The King’s Speech at Yvonne Arnaud, GuildfordFebruary 14th, 2012
by Libby Purves
You need not be a monarchist to feel, 60 years after his early death, a slightly tearful affection for poor George VI. A stammering, reluctant monarch he stands at a BBC microphone in 1939, struggling through his first momentous wartime broadcast. OK, it is a bit manipulative of director Adrian Noble to add the faint swelling strains of Elgar’s Nimrod, but the situation was real enough. Minutes before, we were watching the nervous King (Charles Edwards) practising in a humble flat, saying his lines to a mop lashed to a bucket while his puckish speech therapist Lionel Logue (Jonathan Hyde) urges him on with bursts of song and refreshing oaths. Earlier still we saw his bluff father (Joss Ackland) being no help at all.
The story of how the shy younger brother stepped up after the Abdication is familiar, but only lately have we had the Oscar-winning film about how an unqualified, cheeky Australian coach helped him to overcome his speech impediment. David Seidler wrote the play originally for stage, and in the hands of Noble and the marvellous Edwards, this world premiere feels subtler, more thoughtful than the movie. We see more of Logue’s own weaknesses: he was in Britain failing to build a stage career, keeping his homesick wife Myrtle (Charlotte Randle) from her longing for Perth. During the Abdication speech the words “without the woman I love by my side” coincide with a simple, effective revolve showing us the Logues at home, silently realising that if Bertie does ask him back after their quarrel, poor Myrtle won’t get home.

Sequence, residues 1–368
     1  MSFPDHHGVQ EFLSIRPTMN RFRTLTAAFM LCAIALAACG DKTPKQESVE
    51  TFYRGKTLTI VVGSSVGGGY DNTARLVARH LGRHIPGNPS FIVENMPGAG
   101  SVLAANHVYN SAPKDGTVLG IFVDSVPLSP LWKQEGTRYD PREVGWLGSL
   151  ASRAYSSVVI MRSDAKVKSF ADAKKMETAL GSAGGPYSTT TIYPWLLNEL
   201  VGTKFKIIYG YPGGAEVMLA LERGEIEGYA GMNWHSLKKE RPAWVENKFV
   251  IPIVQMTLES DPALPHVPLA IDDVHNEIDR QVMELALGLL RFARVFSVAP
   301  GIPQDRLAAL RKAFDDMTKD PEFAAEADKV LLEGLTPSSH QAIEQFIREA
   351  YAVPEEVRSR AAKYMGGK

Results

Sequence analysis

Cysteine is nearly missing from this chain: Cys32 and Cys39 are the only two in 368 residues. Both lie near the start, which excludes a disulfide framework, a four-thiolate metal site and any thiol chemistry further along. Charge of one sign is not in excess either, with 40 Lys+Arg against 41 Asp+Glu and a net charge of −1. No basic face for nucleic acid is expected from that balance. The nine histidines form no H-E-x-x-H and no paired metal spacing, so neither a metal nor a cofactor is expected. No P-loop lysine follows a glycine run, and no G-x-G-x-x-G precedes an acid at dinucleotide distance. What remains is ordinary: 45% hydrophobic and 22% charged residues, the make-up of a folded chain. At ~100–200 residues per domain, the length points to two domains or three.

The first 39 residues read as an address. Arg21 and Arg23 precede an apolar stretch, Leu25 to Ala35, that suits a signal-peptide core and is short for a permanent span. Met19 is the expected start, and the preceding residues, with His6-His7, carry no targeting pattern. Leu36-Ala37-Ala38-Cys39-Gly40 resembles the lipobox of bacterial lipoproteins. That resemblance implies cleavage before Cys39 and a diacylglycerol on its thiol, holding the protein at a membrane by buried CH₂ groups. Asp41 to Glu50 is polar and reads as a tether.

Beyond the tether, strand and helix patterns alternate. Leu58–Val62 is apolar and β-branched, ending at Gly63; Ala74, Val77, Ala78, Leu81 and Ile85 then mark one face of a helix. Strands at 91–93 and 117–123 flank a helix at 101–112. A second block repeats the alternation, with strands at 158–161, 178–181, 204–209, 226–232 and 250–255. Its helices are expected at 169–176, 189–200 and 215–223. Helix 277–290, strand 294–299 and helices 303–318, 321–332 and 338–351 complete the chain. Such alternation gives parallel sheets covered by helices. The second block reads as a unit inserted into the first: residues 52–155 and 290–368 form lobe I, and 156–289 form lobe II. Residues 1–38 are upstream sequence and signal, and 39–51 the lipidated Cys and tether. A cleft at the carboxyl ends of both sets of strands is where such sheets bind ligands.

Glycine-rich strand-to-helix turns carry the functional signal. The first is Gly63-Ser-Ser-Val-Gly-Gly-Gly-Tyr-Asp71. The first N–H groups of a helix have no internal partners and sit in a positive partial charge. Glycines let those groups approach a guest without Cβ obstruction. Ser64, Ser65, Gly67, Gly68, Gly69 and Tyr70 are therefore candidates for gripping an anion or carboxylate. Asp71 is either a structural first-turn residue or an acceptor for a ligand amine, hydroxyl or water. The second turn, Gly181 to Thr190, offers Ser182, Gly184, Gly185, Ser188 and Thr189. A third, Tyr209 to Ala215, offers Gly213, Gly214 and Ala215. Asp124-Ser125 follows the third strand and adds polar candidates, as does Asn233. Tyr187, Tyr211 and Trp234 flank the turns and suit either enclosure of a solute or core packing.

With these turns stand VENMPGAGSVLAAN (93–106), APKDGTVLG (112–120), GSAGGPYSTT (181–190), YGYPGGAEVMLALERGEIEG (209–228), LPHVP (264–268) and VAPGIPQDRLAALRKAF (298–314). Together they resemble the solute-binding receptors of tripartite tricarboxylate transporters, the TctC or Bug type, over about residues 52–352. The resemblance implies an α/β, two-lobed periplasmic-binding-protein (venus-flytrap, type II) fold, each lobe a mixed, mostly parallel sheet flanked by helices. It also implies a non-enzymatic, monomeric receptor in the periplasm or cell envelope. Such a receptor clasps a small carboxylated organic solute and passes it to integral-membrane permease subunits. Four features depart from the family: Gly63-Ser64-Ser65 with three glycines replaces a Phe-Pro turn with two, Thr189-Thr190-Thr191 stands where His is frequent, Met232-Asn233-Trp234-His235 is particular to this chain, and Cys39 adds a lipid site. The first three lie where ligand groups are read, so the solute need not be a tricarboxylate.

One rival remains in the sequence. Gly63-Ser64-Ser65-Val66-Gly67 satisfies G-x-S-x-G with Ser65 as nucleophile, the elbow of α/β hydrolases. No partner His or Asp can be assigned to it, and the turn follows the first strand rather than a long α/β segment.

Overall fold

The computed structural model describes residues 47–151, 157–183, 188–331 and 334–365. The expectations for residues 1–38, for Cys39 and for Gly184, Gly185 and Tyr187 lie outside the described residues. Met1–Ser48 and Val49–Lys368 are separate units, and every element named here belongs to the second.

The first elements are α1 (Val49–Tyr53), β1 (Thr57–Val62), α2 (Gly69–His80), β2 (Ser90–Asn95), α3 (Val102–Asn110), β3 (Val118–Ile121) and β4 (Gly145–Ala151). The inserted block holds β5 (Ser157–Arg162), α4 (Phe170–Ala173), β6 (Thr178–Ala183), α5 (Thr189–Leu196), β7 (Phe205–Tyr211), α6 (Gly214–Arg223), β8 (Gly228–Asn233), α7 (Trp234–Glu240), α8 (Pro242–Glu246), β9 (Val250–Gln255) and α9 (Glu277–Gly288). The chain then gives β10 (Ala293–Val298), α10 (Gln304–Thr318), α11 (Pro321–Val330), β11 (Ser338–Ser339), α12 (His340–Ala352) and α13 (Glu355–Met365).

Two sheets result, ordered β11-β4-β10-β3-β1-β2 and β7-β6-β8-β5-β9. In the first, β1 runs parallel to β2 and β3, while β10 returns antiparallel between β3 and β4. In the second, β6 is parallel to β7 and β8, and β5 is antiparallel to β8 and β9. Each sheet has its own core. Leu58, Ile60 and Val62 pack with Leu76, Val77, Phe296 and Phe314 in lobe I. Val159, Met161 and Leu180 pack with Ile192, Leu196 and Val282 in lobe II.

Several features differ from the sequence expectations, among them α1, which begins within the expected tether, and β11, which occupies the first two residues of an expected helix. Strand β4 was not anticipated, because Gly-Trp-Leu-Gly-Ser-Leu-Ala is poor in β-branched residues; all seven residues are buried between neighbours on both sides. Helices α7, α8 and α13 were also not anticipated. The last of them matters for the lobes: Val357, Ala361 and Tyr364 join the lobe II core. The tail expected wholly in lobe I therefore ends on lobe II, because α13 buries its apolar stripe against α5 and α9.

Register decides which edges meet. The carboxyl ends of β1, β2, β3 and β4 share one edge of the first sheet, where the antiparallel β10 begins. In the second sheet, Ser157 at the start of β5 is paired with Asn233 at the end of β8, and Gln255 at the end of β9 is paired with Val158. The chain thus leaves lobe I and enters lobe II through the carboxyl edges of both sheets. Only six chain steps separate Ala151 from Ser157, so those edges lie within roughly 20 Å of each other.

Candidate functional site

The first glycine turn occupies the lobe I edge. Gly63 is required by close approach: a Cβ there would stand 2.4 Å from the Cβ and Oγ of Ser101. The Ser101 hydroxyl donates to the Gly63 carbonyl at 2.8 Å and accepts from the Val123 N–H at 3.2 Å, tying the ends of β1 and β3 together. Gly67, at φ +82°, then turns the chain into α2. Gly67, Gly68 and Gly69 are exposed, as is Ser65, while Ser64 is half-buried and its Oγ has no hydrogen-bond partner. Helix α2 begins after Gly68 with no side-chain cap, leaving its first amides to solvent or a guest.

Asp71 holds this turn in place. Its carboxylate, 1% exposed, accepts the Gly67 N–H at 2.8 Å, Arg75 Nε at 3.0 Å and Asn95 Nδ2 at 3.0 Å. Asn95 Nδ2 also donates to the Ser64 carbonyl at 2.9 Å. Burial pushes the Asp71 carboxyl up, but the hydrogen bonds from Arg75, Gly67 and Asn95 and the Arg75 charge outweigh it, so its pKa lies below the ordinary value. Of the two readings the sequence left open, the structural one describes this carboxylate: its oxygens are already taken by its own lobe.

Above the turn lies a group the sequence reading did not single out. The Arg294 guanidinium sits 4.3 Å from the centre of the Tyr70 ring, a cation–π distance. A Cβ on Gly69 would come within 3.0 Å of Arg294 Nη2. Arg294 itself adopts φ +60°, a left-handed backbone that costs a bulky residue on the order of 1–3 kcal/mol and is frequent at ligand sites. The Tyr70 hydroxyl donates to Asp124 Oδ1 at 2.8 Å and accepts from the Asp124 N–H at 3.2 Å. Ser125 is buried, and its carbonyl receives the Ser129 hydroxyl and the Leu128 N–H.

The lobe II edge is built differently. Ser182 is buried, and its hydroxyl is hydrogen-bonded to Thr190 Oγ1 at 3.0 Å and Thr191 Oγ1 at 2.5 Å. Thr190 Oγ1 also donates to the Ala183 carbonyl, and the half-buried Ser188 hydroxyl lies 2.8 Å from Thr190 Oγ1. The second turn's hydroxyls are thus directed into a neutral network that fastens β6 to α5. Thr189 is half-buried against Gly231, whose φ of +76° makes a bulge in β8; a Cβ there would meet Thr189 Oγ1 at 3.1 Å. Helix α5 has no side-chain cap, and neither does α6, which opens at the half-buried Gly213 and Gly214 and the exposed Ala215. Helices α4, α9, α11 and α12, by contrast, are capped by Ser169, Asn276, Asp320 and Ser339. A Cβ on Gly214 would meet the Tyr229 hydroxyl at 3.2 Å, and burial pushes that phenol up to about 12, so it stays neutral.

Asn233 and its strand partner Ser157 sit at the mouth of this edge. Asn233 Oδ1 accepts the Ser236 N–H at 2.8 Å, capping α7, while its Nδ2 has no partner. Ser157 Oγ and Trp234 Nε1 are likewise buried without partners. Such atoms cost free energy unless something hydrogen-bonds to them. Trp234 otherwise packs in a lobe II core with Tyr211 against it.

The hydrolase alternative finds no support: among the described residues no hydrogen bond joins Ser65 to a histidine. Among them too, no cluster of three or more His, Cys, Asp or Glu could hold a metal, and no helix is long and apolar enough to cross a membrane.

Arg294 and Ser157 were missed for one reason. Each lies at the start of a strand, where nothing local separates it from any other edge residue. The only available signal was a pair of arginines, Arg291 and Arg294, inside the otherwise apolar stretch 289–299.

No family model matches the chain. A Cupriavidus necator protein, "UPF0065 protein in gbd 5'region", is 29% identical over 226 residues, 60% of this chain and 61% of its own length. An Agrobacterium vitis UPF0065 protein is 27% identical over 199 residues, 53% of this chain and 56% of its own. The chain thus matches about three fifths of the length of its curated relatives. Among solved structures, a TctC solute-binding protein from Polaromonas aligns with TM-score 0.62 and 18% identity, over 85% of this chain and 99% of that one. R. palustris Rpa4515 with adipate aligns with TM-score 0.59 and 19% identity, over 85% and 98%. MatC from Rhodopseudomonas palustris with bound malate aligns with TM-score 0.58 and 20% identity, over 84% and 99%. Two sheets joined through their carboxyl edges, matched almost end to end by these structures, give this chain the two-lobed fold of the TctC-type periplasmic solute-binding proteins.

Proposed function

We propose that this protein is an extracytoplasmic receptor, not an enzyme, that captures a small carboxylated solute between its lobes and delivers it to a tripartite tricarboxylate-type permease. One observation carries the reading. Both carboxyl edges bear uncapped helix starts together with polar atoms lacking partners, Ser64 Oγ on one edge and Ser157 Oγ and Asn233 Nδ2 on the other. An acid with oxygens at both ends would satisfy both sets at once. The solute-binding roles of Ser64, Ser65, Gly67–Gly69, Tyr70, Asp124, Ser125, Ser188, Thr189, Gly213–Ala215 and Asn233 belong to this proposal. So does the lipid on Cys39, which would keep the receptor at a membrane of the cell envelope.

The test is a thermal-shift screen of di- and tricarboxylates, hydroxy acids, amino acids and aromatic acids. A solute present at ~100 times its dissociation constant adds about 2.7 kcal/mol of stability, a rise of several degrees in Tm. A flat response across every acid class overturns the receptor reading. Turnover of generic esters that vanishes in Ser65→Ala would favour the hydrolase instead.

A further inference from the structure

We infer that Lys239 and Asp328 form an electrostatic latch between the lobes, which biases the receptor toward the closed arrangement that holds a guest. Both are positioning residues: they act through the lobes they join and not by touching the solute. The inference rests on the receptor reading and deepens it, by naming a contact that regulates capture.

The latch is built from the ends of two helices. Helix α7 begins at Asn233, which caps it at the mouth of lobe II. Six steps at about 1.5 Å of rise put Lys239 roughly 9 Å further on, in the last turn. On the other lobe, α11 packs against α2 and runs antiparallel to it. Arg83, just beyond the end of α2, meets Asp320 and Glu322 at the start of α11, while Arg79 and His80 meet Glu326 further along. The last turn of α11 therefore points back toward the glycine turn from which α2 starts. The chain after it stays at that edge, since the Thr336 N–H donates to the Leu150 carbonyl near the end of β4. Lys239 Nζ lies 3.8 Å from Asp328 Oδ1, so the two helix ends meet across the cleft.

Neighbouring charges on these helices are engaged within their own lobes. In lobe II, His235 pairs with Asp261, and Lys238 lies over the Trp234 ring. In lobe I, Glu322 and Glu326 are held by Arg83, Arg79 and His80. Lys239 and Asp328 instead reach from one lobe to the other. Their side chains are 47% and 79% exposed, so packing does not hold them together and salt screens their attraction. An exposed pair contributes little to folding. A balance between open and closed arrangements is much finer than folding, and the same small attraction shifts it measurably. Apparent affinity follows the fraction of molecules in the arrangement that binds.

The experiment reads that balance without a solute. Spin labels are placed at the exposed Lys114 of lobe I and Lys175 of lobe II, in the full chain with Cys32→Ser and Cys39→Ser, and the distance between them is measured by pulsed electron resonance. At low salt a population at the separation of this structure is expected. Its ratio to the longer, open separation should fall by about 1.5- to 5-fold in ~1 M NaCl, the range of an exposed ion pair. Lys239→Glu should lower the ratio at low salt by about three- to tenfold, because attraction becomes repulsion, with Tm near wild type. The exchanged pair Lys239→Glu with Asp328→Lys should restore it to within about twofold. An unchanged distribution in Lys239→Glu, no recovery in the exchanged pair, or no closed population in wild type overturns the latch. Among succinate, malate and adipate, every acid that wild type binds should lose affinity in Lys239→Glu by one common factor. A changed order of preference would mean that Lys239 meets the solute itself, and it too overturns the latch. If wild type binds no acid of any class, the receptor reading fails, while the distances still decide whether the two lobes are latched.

More stress is laid on the politics too, and the need for a King able to cope with the new broadcasting machine. We see the mocking, shallow-hearted elder brother’s penchant for Nazism, and Churchill’s anxiety that Hitler’s oratory is rousing Europe while our own head of state “can’t even order f-fish and chips”. Michael Feast is a strutting Archbishop of Canterbury, the loom of war is reinforced by newsreel archive and the plain, revolving frame conveys a speedy sense of anterooms, secret discussions and Logue’s cosy flat.
Charles Edwards is terrific, using light-tenor jerkiness to convey the painful awkward inhibition of the royal predicament. When Logue first offers a handshake he puts his hat in the outstretched palm: grow up like that, and all the world’s a valet to you. At the end, offering his own hand, the royal Pinocchio becomes human. And if Nimrod didn’t get you snivelling, that will.
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